"So, naturalists observe, a flea has smaller fleas that on him prey; and these have smaller still to bite ’em; and so proceed ad infinitum."
- Jonathan Swift

July 27, 2017

Myriophora alexandrae

Millipedes are known for secreting some really noxious chemicals to ward off its enemies. So much so that other animals are also known to co-opt the millipede's chemical cocktails for their own use.
For example lemurs and capuchin monkeys are known to smear millipede juice on themselves as a mosquito repellent. But there is no perfect defence and the millipede have some adversaries that are not deterred by its defensive secretion, some of which are phorid flies in the Myriophora genus - which are specialised millipede hunters.

a) Myriophora alexandrae laying an egg at the base of a millipede's antenna, (b) Myriophora communis (insert: ovipositor),
c) Millipede excreting defensive fluid while a Myriophora harwoodi feeds on it, (d) Myriophora maggot and dead host
Photos from Fig. 2 of this paper
Phoridae is a family of flies also known as "scuttle flies" - they are mostly parasitoids and there are thousands of species found all over the world. Some species are well-known for their ant-decapitation trick. Despite being rather common, very little is known about most of these parasitoids - this is possibly because of the daunting number of species, their small size, and general lack of research interest beyond a handful of species which either have potential as a mean of biological control, or are pest of cultivated insects like bees.

With so many different species of phorids out there, perhaps it is not surprising that they have evolved to target a wide range of terrestrial invertebrates - and some of them specialised in hunting millipedes, undeterred by their chemical defences. So how do Myriophora flies track down their millipede hosts? To find out, a group of researchers conducted a series of experiments at a research station in Costa Rica to determine what it is about millipedes that these flies find so attractive. They wanted to figure out whether it is the defensive juices secreted by the millipedes or the sight of the millipedes themselves. So they collected some millipedes, kept them for a few days to ensure they're parasitoid free to start with, and used them to set up an experiment in luring phorid flies.

They end up presenting the flies with the following: (1) millipede juice dabbed on pieces of paper (which they obtain by lightly zapping the millipedes), (2) dead millipede smeared in millipede juice, and (3) millipedes which have been cleared of any millipede juice by zapping them until they run out of defensive secretions.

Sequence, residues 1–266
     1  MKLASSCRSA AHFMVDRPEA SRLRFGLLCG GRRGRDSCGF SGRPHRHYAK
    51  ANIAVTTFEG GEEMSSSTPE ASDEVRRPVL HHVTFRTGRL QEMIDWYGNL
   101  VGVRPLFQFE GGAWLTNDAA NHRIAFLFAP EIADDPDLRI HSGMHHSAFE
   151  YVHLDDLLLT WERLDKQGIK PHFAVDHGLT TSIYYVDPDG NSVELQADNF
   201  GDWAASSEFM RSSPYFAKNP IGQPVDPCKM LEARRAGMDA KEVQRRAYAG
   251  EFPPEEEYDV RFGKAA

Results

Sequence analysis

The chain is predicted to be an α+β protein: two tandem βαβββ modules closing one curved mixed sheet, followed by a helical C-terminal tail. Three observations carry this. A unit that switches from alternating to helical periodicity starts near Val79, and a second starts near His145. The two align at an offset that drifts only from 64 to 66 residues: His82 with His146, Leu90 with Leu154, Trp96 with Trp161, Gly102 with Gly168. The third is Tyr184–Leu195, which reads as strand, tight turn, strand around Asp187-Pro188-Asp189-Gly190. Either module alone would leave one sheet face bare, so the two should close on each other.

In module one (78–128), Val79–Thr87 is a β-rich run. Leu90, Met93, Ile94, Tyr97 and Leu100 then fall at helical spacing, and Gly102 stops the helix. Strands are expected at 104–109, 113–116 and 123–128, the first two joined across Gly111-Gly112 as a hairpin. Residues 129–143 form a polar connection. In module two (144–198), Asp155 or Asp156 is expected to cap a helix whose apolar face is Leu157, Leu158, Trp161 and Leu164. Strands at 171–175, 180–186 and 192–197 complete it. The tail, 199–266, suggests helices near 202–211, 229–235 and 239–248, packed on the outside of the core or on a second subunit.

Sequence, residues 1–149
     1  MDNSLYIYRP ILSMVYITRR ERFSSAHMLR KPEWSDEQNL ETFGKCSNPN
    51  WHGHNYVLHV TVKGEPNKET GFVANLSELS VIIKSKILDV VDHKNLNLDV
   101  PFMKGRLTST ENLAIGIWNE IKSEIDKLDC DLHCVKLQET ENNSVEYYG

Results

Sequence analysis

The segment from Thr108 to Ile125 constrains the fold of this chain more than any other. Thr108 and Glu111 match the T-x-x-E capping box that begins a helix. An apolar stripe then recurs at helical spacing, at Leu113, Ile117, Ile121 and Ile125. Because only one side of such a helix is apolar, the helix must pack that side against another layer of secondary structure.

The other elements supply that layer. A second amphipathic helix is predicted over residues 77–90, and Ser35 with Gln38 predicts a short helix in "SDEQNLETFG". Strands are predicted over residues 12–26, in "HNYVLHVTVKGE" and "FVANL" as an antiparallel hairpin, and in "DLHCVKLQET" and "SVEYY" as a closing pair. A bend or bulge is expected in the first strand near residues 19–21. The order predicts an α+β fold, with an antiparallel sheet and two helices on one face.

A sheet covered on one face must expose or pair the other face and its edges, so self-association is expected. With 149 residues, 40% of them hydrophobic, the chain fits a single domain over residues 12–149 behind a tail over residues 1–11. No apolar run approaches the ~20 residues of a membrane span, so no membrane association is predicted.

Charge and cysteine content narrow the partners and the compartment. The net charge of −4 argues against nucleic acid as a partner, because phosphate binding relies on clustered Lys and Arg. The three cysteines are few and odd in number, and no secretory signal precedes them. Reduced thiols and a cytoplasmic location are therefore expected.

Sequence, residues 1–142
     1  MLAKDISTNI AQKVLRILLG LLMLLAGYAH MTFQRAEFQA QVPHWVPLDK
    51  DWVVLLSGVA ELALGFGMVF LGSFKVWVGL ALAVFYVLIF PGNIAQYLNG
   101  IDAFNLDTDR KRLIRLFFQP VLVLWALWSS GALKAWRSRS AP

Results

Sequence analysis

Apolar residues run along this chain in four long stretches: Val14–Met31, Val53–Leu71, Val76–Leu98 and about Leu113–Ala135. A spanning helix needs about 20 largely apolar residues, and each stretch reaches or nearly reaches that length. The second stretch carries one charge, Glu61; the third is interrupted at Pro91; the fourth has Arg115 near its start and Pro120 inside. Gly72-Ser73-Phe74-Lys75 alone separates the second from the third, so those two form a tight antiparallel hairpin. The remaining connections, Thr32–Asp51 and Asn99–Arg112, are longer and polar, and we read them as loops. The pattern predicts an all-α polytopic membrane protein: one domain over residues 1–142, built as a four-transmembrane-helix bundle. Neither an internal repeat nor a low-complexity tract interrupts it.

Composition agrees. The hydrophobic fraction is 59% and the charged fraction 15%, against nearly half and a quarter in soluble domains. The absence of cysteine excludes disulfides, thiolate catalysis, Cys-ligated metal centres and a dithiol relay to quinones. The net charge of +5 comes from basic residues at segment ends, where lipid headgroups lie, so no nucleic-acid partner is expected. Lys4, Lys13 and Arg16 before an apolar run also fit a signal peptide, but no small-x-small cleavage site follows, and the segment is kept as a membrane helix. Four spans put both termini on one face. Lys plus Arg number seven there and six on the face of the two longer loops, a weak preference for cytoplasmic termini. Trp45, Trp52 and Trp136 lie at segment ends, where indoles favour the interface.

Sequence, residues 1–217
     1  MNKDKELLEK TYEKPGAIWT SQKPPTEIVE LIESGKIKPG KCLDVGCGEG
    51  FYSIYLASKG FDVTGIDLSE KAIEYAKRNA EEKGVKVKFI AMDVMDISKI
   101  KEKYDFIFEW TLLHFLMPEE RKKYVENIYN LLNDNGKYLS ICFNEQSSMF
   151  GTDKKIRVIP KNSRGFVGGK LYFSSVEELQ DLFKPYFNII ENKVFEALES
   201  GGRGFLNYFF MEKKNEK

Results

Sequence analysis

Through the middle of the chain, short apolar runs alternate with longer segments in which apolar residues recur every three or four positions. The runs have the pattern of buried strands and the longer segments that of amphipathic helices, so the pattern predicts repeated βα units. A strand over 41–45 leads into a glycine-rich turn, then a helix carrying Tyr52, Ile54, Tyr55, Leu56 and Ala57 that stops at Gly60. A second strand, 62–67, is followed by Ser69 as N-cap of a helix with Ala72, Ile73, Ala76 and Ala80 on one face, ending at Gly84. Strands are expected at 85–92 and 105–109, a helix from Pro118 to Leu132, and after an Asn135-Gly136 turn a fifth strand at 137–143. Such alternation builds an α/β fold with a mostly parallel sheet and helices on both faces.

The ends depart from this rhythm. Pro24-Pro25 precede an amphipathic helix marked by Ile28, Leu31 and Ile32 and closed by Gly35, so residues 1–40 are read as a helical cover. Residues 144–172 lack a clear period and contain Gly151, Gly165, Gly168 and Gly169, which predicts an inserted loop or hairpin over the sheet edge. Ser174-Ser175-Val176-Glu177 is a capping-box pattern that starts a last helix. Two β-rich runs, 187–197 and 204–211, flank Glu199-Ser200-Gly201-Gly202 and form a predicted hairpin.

They found that the Myriophora flies were rather attracted to paper cards dabbed with millipede juice and millipedes that were smeared with their own defensive secretions. In contrast, the flies completely ignored perfectly intact millipedes that were completely juiced out. So it seems that the scent of a millipede is far more important than the sight of one for these flies.

So not only are Myriphora not deterred by the millipede's noxious chemicals, they are actually attracted to it. But millipede juice is a complex chemical cocktail - which is the exact compound that the flies are homing in on? After further analysis, the researchers determined that the compound in millipede juice most responsible for attracted these parasitoids is a chemical called 2-methoxy-3-methyl-1,4-benzoquinone. That alone was enough to bring the flies to the yard. But when that is combined with another compound found in millipede juice called 2-methyl-1,4-benzoquinone, this cocktail was three times more attractive to Myriophora flies than that first compound by itself.

But a millipede is a well-protected target - even if you can get past its noxious secretions, it also has some formidable armour platings. But there are gaps in its armoured segments and Myriophora has a specialist weapon to exploit those gaps. This parasitoid fly has an ovipositor which is shaped somewhat like a thin stiletto - when it lands on a millipede, Myriophora stabs its ovipositor at spots like the base of the antenna, the gap between the head and the rest of the body, the vulnerable underbelly of the body segment, or between the plates covering the millipede's butt.

The parasitoid sticks its ovipositor between those gaps in the millipede's armour, and delivers a deadly payload in the form of an egg. Once the egg hatches inside the millipede, the newborn maggot has a hearty appetite and a growth rate to match. Within five days, it will finish cleaning out the millipede host from the inside, leaving behind only an empty husk and the millipede's hindgut. The maggot will then crawl from its host's empty corpse to pupate and eventually emerge as an adult fly, ready to bring up a new generation of millipede-wreckers

So for the millipedes, while those defensive cocktails are great for fending off everything else, there is no perfect defence - the very thing that protects it against some many predators is also the very thing that brings in parasitoid flies that will eat them alive.

Hash, J. M., Millar, J. G., Heraty, J. M., Harwood, J. F., & Brown, B. V. (2017). Millipede Defensive Compounds Are a Double-Edged Sword: Natural History of the Millipede-Parasitic Genus Myriophora Brown (Diptera: Phoridae). Journal of Chemical Ecology 43: 198-206.

No comments:

Post a Comment